Groups representing communities of color that are disproportionately impacted by climate change and pollution marched to the White House last weekend to let the nation know that these issues matter and must be dealt with.
Some 200,000 people carried signs and banners, chanted protest slogans and danced in the streets for the Peoples Climate March, which coincided with President Donald Trump’s 100th day in office. Earthjustice helped fund and organize the demonstration to protest the administration’s moves to gut environmental and health protections and slash the budget of the EPA, including the agency’s environmental justice program.
Among the protestors were African Americans, Latinos, Asian Americans and Native Americans who emphasized the heavier environmental burden faced by communities of color.
For Tribal Rights
Clarence White of the Southern Cheyenne-Arapaho carried a flag pole bearing an upside down American flag and spoke of supporting the Standing Rock Sioux tribe last year in North Dakota in the tribe’s opposition to the Dakota Access pipeline.
For White, Saturday’s protest was not only about the environment, but also about Native American treaty rights. He said the treaties that Native Americans have signed with the federal government have been violated throughout history. White talked about the slaughter of his people during the 1864 Sand Creek Massacre.
“We gave [the government] access to land for their railroads,” said White, whose tribe was forced from its homeland in Minnesota. “But what did they give us?”
For Food Sustainability
Doria Robinson of Richmond, California, marched alongside other red t-shirt clad members of the U.S. Food Sovereignty Alliance, an organization that supports sustainable food and farming practices and views the nation’s food system as rooted in race, class and gender oppression.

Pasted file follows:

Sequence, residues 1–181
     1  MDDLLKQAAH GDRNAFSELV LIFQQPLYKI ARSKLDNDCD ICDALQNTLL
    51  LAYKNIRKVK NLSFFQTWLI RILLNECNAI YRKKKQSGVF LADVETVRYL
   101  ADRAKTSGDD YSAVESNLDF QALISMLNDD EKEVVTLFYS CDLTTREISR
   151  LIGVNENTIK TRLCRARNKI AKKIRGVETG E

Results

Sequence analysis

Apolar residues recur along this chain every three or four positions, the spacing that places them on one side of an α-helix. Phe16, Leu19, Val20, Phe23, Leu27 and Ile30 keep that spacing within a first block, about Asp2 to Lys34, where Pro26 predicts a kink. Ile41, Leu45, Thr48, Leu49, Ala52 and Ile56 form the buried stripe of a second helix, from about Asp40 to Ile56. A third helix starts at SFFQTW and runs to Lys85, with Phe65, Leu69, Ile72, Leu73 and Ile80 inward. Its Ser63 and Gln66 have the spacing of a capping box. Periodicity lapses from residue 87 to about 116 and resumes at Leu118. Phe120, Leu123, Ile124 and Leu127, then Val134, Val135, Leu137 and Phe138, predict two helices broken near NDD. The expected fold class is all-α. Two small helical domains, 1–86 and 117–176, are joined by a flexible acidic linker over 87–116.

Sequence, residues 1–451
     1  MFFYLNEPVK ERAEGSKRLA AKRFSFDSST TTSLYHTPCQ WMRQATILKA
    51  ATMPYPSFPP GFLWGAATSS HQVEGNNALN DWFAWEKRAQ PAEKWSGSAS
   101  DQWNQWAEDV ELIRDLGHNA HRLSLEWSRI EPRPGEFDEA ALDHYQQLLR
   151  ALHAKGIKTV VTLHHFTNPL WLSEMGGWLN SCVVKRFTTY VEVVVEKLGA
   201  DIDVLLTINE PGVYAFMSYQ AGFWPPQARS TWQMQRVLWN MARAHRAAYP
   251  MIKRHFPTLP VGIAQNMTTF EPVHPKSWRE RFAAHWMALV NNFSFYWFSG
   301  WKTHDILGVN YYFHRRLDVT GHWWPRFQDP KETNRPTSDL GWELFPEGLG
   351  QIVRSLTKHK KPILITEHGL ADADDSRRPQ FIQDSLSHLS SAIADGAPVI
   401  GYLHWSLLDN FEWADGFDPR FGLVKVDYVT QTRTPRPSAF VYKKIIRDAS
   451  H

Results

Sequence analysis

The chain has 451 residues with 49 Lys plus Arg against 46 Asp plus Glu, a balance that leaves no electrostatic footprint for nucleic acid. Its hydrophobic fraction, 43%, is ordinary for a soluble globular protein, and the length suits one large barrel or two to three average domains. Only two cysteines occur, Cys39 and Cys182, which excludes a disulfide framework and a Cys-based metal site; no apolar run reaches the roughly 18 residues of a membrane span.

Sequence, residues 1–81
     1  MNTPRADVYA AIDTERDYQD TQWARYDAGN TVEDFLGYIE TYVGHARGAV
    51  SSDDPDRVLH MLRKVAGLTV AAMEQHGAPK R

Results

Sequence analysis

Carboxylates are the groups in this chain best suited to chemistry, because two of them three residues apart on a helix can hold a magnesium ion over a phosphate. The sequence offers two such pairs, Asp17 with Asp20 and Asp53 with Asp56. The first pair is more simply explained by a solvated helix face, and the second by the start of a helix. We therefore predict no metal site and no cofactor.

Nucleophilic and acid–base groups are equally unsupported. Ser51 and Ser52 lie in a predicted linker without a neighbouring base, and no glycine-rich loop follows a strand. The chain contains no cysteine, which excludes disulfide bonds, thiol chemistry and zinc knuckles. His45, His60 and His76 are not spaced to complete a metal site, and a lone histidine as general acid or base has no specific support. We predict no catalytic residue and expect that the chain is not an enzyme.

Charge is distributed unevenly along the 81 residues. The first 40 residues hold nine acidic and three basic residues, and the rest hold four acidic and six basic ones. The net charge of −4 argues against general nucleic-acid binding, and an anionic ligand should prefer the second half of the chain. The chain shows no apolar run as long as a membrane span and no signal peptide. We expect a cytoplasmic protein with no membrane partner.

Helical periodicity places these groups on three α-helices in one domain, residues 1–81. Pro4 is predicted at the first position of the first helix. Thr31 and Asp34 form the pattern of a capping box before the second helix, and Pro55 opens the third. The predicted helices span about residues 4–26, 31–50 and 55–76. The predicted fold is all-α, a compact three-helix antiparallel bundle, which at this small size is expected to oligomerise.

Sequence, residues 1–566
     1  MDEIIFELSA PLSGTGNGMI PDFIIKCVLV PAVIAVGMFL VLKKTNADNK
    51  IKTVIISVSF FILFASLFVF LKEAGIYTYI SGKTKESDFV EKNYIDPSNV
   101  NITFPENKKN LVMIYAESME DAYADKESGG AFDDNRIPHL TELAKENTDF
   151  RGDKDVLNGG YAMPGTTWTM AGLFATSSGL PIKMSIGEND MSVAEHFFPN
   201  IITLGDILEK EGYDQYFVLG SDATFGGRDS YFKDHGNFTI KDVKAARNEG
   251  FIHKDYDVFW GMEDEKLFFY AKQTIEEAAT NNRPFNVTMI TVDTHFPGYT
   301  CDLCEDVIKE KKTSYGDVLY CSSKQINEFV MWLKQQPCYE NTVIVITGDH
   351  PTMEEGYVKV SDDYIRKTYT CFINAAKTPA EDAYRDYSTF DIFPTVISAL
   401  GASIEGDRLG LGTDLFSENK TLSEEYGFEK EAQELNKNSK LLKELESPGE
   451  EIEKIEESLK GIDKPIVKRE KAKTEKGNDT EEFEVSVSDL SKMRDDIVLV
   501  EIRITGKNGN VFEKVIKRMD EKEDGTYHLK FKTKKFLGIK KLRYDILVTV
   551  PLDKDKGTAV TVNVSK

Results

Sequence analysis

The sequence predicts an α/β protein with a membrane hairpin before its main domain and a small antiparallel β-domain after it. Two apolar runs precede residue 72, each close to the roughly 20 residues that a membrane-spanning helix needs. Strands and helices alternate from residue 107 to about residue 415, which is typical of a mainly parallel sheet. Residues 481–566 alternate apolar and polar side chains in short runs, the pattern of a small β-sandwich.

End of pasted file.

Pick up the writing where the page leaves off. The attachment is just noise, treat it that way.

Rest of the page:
Robinson, who is African American, said that she was proud to be marching behind Black Lives Matter activists. The struggle for racial justice, she said, should be connected to the fight against environmental injustice and other forms of oppression.
“We must connect the dots,” Robinson said, adding: “A systemic problem needs a systemic solution.”
Robinson said a substantial portion of climate changing emissions comes from agriculture, but we cannot separate questions of climate change from questions of how our food is produced, who owns it and whose health suffers most from it.
We cannot separate questions of climate change from questions about how our food is produced, who owns it and whose health suffers most from it.
“It’s the same extractive economy,” she said, and that must be changed.
Robinson said she grew up in the shadow of Richmond’s Chevron Refinery. In 2012, a major accident there, involving the release of a cloud of toxic smoke, led 15,000 people in her predominantly African American and Latino community to seek medical treatment.
“The refinery dominated everything,” Robinson said. “One accident peeled the paint off my mom’s car. They gave her $500 to fix it, but what about the damage to our lungs?”
Robinson also works with Urban Tilth, a nonprofit that focuses on youth empowerment and food sovereignty and seeks to connect young people—particularly youth of color—to the land through urban farming.
For Environmental Justice
A group of environmental activists from South Carolina and Virginia donned blue-and-white t-shirts emblazoned with the words “EJ Lives Matter.” One, Ed’Bonte Faison, said he wants everyone from the president to everyday people to know that clean water is an urgent issue in his home state of South Carolina.
“There are a lot of small towns that don’t have access to clean water,” he said, explaining that in rural communities, people often depend on well water that’s not always safe. “They don’t have regulations to ensure the water is healthy.”
Veronica Pegram of Richmond, Virginia, also a member of the environmental justice group, said she’s trying to shine a spotlight on the huge environmental burdens communities of color are up against.
“We want to talk about what minorities are facing and make sure that we have a voice,” Pegram said.